The Jomon Period (c. 14,500 - c. 300 BCE) of ancient Japan produced a distinctive pottery which distinguishes it from the earlier Paleolithic Age. Jomon pottery vessels are the oldest in the world and their impressed decoration, which resembles rope, is the origin of the word jomon, meaning 'cord pattern'.
Jomon pottery, in the form of simple vessels, was first produced c. 13,000 BCE around Shinonouchi in Nagano, making them the oldest such examples in the world. Another early production site was Odai-Yamamoto in Aomori. Jomon pottery figurines are rather later, the oldest known example being the 'Jomon Venus' which dates to c. 5000 BCE. Two general types of pottery were produced: a dark grey kind with angular edges, curved line decoration and handles which are often shaped to resemble animal heads or vessels with a reddish colour and either no decoration at all or a few wavy or zigzag lines.
Potters were likely semi-specialists only dedicating some of their time to pottery manufacture. As kilns have not been excavated from the period it is thought that vessels were fired in open fires. There is evidence of exchange of locally produced pottery between different communities, but as such vessels are very similar, the exchange was likely of the goods stored within the vessels themselves.
Six categories of vessel shape have been identified by Japanese scholars of Jomon pottery:
- fukabachi - deep bowls (the most common type) and jars with a wide mouth, sometimes with a contracted neck.
- asabachi - shallow bowls.
- hachi - bowls of medium depth.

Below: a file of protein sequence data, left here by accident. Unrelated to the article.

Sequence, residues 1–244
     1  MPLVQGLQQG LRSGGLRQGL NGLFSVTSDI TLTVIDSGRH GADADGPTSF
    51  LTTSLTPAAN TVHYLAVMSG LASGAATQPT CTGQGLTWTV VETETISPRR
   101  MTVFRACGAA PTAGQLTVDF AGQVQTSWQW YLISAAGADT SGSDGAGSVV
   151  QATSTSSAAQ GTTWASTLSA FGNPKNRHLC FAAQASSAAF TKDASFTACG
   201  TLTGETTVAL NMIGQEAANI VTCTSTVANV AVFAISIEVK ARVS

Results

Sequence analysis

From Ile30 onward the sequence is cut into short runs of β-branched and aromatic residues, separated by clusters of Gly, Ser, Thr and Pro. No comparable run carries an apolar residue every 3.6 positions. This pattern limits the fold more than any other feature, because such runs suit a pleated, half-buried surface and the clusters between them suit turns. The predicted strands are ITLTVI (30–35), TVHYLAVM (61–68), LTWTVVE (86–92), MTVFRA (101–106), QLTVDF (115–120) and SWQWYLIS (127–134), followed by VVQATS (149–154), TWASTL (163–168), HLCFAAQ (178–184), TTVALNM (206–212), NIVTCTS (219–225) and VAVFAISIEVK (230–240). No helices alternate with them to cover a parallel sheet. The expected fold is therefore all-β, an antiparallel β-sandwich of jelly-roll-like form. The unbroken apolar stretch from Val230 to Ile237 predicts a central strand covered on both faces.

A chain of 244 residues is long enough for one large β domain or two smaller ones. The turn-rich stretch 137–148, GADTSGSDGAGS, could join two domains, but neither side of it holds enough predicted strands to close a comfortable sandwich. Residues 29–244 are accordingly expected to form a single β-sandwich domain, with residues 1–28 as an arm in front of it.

- sara - bowls so shallow they resemble plates.
- tsubo - vessels with a narrow mouth, sometimes with a long neck.
- chuko - vessels with spouts.
Most vessels have either a flat or rounded bottom, but later examples are predominantly made with a flat base. In addition to these broad groups are vessels which resemble lamps or incense burners which have apertures as part of the decoration and figurines. By the end of the period, there are two distinct groups into which all vessels can be categorised: plain rough wares with very little decoration (a rope impress) and fine wares with more varied decoration. Traces of fire damage and greater wear and tear indicate that rougher wares were for daily use while finer vessels, usually undamaged, were reserved for ritual use only.
Many vessels, then, are plain, but around half have decoration of some kind, most typically lines and waves made by impressing a cord onto the wet clay before firing, hence the name jomon or 'cord pattern' for the pottery and time period of this era of Japanese history. There are some regional differences and scholars identify, in particular, chinsen-mon in the east of Japan where shells were used to incise the clay and oshigata-mon in the west where impressions were made with a dowel. Decoration becomes markedly more extravagant in the middle of the period with the so-called 'fire-flame' type (aka Umataka Kaen) from the Hokuriku region, and especially the Sasayama site in the Niigata Prefecture, where vessels are covered in applied thin rolls of clay to form lines, swirls, and crests. Towards the end of the period decoration is again minimised and in some regions disappears altogether.
When migrants from the Asian continent began to arrive in Japan from around 400 BCE (or even earlier), they brought with them new pottery techniques, forms, and decoration. It is interesting to note that this expansion of ideas from abroad is evidenced in western Japan then displaying a much greater variation in pottery manufacture than the eastern side of the islands. The fashion for minimal decoration became widespread in western Japan, as did a distinction between glazed and unglazed wares. Jomon pottery was, consequently, gradually replaced by the finer pottery of the Yayoi Period (c. 300 BCE - c. 250 CE) which has no decoration and a reddish colour. These wares would be replaced in turn by the higher quality Sue stoneware which was introduced from Korea in the Kofun Period (c. 250 CE - 538 CE).
This article was made possible with generous support from the Great Britain Sasakawa Foundation.